Show of hands exhilarates

Some days, just nothing happens.

There are friends darting around the periphery of my circle, dating back to those vivid recreational drug days of 40-50 years ago, for whom nothing happens all the time.

In 1984, in Los Angeles, I met an acid casualty from the 1960s, reputedly a member of a top band, who told me he lived in a small room with no television.

But what do you DO at night, wailed the daughter incredulously. I stare at the wall, he replied. I've never found much happening on walls.

The Friday before last, so much happened in my life I was afraid my brain would pop out of its head and roll away down the hill. It was a day as exciting as tomorrow night's fireworks.

The real zinger was on TV One's News.

Radio's Alternative Cricket Commentary Collective team (Jeremy Wells, Leigh Hart et al) had been making up seditious, imprisonable lies about Weather Man Jim Hickey during that day's NZ-South Africa game, and I was keen to see if there would be a reaction from him that night.

But he wasn't there. Instead, it was a man called Dan.

Dan is the finest Weather Man I have seen in my life.

The best actor, the most consummate meteorologist, and most importantly, the best user of expressive hands in the history of television.

Or cinema.

Or, indeed, life.

I researched him immediately.

Daniel Corbett, a veteran of the BBC and American television, he moved to New Zealand in 2011 to join the MetService and made his first television appearance at the end of September.

So Jim is on the way out.

The man is a legend.

But I have to say it, Dan is a squillion times better.

Earlier in the day, I was in the Kitchen Table next to the Fortune Theatre.

For years, I have struggled to turn pages adroitly in public while waiting, I get my index finger and thumb sort of quanged together, and find unless I moisten the fingers, I can only manage three pages at a time.

I know for a fact everyone watches everyone else in a cafe or waiting room, so this has become something of a bete gigantique for me.

And probably tens of thousands of other people.

But at the Kitchen Table I watched a woman flick her way through an entire magazine at almost blinding speed with as beautiful a physical action as you will see outside an NBA basketball game.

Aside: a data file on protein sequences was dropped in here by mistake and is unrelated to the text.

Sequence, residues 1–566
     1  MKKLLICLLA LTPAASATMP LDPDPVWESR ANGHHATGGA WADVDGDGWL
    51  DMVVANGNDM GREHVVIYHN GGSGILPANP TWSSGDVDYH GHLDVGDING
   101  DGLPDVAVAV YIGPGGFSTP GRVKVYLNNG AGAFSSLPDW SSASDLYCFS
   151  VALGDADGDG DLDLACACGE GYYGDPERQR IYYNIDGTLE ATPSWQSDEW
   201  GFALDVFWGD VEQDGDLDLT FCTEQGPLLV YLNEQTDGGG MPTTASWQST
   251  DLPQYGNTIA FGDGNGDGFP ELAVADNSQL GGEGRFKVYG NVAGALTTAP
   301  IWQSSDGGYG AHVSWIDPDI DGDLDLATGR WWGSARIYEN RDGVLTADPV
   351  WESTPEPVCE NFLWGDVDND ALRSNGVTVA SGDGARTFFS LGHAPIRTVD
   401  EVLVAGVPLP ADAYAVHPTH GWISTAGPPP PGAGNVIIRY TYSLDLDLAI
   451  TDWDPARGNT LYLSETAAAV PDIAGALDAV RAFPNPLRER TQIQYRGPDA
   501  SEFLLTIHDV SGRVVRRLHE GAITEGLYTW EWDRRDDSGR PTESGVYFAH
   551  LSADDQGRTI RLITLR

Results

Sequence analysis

And with NO moistening.

I was spellbound.

She used her right hand - I use my left, which involves having to bring in the shoulder as well, harder - and it was just gorgeous to watch.

Eight schoolgirls joined her shortly after and she stopped.

It was like the projector breaking down at a movie theatre when I was a kid.

An hour later, I was sitting in the George Street Normal School assembly listening to the grandson, Rowan, exhort people to pick up litter.

It was an hour of heart-warming social responsibility, and Glen Campbell's Try A Little Kindness was sung more than once.

Then a boy appeared on the stage with a table and some plastic cups.

Harry Devereux (10).

He was going to do some Stacking.

I had never seen Stacking, or Sport Stacking as I subsequently found it was called on YouTube.

Harry said he practises one to five hours a day, which is astonishing, even Minecraft barely demands that, and his aim is to make the Black Stacks for the World Championships.

Yes, there is a world championships for Stacking.

And so there should be.

This is a truly amazing thing.

Pyramids of 3, 6 and 10 cups are stacked and unstacked at a speed so fast, faster even than turning pages, that slow motion is still a blur.

And scientific studies say stacking is good because it uses both sides of the body and brain, improves hand-eye co-ordination, reaction times and ambidextrousness.

Harry has a busker's licence.

Watch out for him, he was a wonder to behold.

He was the most happening thing on a very happening day.

Roy Colbert is a Dunedin writer.

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